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Your Silicone Cookware Stinks Because You're Not Heating It Before Cleaning

Silicone molds
Silicone molds - Igisheva Maria/Shutterstock

Silicone cookware can be a godsend in the kitchen. Nonstick silicone baking mats make it easy to clean up even the stickiest caramel messes; silicone ice cube trays give amateur cocktails a professional touch. But the innovative material has downsides: After just a few weeks of use, silicone starts to stink. The seal on your Instant Pot starts to reek. That ice cube mold takes on a musty freezer smell. You find yourself wondering if you should throw away your baking tray after using it to roast onions and garlic.

Some sources will tell you to soak smelly silicone cookware in vinegar; others will tell you to coat it with baking soda or wash it with lemon. But these methods aren't always effective. For the smelliest stuff, you'll need to fire up the oven. Silicone is prone to trapping oils and odors. This is especially true of silicone bakeware: Silicone molecules expand when exposed to heat. As a result, the bakeware absorbs those oils and odors, which get trapped inside once the silicone cools and contracts. That's why a vinegar bath won't do — you need to permeate the silicone, not just treat the surface.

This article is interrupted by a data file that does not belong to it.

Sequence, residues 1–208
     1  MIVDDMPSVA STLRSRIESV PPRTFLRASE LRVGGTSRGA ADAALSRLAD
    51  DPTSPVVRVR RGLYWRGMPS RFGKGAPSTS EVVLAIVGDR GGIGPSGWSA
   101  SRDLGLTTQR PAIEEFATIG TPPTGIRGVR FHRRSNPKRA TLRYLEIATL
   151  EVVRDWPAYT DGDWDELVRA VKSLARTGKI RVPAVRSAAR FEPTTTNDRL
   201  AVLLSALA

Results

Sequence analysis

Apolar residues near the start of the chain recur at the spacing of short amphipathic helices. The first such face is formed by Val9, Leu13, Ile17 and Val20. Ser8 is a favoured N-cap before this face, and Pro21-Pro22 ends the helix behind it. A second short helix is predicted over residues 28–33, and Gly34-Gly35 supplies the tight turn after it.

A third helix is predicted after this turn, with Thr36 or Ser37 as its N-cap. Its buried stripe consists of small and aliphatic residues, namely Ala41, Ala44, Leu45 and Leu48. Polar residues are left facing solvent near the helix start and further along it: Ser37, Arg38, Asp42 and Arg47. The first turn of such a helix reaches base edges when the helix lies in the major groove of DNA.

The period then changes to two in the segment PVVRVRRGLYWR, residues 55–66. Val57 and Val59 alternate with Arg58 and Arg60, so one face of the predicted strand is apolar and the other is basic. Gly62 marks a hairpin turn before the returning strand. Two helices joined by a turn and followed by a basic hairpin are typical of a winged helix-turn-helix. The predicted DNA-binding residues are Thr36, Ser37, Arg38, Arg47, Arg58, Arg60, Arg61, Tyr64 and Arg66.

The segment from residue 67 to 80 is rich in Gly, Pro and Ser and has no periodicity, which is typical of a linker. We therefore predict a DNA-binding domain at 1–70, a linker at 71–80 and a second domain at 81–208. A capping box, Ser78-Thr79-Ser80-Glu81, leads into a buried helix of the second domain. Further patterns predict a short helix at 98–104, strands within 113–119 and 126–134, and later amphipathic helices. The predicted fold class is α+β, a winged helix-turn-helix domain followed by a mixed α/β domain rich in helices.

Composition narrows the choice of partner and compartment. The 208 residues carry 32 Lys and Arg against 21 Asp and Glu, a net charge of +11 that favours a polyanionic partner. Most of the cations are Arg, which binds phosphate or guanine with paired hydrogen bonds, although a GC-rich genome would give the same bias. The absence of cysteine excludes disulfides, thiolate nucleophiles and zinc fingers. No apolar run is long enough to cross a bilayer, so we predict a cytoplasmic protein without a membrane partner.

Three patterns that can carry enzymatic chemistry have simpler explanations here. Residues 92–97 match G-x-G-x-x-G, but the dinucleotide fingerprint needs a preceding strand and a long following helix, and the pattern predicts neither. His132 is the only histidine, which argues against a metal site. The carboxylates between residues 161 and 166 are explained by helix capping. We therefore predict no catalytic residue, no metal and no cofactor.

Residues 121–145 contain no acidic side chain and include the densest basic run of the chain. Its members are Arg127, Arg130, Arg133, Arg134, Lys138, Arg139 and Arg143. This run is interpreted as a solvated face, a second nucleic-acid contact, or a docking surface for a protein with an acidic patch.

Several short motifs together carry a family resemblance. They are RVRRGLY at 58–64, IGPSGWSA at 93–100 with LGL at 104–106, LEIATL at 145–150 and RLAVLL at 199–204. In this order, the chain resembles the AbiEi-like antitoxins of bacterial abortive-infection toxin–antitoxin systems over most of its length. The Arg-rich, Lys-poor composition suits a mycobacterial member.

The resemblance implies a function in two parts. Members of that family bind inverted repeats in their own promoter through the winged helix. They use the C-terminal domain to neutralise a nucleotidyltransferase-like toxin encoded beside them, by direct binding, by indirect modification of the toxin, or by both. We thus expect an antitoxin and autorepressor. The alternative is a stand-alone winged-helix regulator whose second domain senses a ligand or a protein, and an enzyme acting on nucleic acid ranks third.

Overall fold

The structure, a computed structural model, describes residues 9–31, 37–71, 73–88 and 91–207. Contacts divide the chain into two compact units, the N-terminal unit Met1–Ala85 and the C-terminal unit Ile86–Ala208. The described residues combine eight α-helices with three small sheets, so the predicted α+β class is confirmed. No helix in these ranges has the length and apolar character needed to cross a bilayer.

First and foremost, before heating silicone, check to make sure your cookware really is silicone. Some products use a silicone-rubber blend, others might have plastic components or wooden handles. If you're not sure, you should be able to find information on the product's packaging or manufacturer's website. If it's 100% silicone, you're good to go.

Read more: 11 Cleaning Tips For Keeping Your Oven Spotless

How To Get The Stink Out Of Silicone

Silicone tools
Silicone tools - yingko/Shutterstock

Set your oven temperature between 250 and 350 degrees Fahrenheit. While it preheats, wash your silicone cookware with soap and water — making sure to avoid soaps and detergents with essential oils or moisturizers. The oils will seep into the silicone, exacerbating the problem. (Your cookware could even make your food taste soapy.) Place your cookware on a baking tray and set the timer for 20 minutes. Don't worry if you notice smells emanating from the oven — it means those odor molecules are evaporating.

Give your cookware a good sniff once the timer goes off. If it still smells, put it back in the oven and check back in 10 to 20 minutes. Most smells should be gone within an hour, but it might take a bit longer. Once your cookware is odor-free, take it out and let it cool before giving it another thorough wash. If you want, add lemon or vinegar to the water.

Many silicone items, like muffin trays or loaf pans, are meant to withstand heat. But won't an ice cube mold melt? Nope — even products that aren't intended for high temperatures should be fine. Silicone tolerates heat well; most products can handle temperatures up to 400 or 500 degrees. But, since manufacturers don't necessarily heat-test products like ice cube molds, you might want to exercise caution. If you're nervous, bake them at a lower temperature or stick to the manufacturer's recommended cleaning method.

Read the original article on Tasting Table.